Book by: Donovan Russell
Review by: Jeremy J. Hernandez
Department of Organizational Leadership, Policy, and Development
University of Minnesota
Individuals interested in careers involving international development often struggle to identify appropriate opportunities or even break into the field. They often do not know what questions to ask, how to best apply their skills and talents in international contexts, or even what term international development means. In Choosing a Career in International Development, Donovan Russell attempts to provide a better understanding of what working in international development actually means and what working in it actually entails based on his years of experience.
The opening three chapters focus on defining what international development work can entail in the broadest sense, the major role organizations play in this type of work, personal motivators of those pursing such work, and importance of host community buy-in during such efforts. The issues of credibility and host buy-in are mentioned throughout the book as a major factor in such efforts being successful. “It is by far best if interventions can be put into place in a way that gives people a chance to take them as their own” (p. 7).
Russell uses the next two chapters as a spring board to the rest of the book as he seeks to help the reader focus their actual interests. The reader is first asked to consider four items to better define what a career in international development may look like to them (pp. 23-25). These are defining one’s own professional interests/talents, potential targets of focus (e.g. women’s rights, health issues, refugees, etc.), whether one has a personal preference towards field work or policy, and what organizations may exist that perform the work being sought. Based on these answers, advice on how a person may try to find “avenues of engagement” (p. 29) is given.
Because the term international development is broad, the remaining chapters focus on various aspects of this work by focusing on what Russell identifies as major segments of the field. In each he provides an in depth case study of that type of work. For example, one chapter focuses on volunteer organizations in international development and the various roles individuals play in them. The mission, administrative structure, and the field operations of an American Peace Corps project are explored from multiple angles. Given this chapter structure, the reader may find some of these chapters far more interesting than others. Unfortunately this shift is not obvious from the table of contents so, if passing this book to an advisee, it is recommended that the student be notified of this dynamic as they begin reading. While Russell attempts to expose readers to multiple possibilities within the field, if they adhere to the advice given earlier in the book some of these chapters should be more interesting than others. That is a good thing.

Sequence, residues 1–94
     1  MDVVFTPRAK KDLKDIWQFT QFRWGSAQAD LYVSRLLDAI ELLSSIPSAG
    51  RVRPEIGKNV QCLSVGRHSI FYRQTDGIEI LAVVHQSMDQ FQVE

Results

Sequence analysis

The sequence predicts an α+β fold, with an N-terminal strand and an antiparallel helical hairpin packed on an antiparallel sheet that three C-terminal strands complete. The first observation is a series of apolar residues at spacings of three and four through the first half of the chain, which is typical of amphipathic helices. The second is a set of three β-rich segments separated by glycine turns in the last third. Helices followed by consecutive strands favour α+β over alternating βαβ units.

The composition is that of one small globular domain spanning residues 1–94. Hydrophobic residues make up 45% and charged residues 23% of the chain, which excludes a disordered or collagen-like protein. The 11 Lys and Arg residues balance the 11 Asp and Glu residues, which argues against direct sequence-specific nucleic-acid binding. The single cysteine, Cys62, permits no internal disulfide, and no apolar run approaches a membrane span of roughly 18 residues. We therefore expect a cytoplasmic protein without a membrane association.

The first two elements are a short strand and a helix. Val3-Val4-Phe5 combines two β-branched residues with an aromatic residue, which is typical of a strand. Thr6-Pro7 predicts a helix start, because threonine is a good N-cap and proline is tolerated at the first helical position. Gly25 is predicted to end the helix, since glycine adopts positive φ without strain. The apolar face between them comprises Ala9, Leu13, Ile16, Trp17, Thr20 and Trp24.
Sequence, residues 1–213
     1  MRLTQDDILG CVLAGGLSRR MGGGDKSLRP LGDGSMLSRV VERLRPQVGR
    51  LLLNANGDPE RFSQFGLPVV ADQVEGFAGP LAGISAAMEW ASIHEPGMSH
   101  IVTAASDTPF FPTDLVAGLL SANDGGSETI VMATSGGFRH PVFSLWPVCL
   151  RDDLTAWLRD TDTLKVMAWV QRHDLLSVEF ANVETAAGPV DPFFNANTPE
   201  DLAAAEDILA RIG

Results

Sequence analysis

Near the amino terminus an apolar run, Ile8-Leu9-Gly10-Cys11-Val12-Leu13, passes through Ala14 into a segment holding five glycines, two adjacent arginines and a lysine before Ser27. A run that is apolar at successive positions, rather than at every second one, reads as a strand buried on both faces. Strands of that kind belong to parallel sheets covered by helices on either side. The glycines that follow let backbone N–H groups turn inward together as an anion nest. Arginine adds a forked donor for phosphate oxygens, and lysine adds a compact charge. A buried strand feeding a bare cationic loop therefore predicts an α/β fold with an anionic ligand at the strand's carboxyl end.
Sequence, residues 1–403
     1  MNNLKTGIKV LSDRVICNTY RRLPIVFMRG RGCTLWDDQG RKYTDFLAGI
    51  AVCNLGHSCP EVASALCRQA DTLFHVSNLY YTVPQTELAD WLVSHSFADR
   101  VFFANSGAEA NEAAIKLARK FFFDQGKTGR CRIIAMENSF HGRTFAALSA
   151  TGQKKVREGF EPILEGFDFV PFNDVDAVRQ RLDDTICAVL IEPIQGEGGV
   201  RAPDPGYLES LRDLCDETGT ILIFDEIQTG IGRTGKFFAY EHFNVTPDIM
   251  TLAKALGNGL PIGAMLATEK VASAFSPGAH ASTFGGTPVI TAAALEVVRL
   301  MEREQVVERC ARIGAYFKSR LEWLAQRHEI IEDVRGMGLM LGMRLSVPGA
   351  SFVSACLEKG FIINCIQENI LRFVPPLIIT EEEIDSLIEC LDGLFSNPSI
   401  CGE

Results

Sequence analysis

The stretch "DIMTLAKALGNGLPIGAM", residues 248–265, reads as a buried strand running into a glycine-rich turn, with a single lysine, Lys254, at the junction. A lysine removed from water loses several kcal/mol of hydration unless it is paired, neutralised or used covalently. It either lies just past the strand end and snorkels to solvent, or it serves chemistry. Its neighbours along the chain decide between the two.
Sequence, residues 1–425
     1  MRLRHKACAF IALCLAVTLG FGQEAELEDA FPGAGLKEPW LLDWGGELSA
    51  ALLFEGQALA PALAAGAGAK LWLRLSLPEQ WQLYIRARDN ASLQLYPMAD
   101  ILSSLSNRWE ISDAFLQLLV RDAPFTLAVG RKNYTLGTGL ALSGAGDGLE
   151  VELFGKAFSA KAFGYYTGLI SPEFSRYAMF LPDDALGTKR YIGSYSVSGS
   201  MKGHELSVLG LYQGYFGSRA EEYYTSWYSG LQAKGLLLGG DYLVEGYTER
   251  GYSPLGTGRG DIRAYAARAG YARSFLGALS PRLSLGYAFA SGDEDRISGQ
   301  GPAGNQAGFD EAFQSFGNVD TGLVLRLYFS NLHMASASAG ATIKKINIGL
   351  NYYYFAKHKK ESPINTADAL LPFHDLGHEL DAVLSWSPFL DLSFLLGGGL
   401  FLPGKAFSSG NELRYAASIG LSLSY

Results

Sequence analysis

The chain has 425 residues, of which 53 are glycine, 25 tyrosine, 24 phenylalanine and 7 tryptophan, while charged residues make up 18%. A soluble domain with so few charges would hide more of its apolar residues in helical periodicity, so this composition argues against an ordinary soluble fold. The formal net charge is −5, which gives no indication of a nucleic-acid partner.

In conclusion, this reviewer believes resources such as this book are badly needed in this dynamic and growing field. Students are a target audience of this book, but are not the only targets. A key premise for those using the book is that the reader can define their own interests. Students may not be able to do that at the beginning of their college experience. Although very useful, this book might be a better tool for students with prior international experiences, professional experiences, and/or are closer to the end of their program.
Choosing a Career in International Development: A Practical Guide to Working in the Professions of International Development (2013). Book by Donovan Russell. Review by Jeremy J. Hernandez, VirtualBookWorm.com Publishing. 252 pp., $19.95, (Paperback), ISBN #978-1-62137-363-6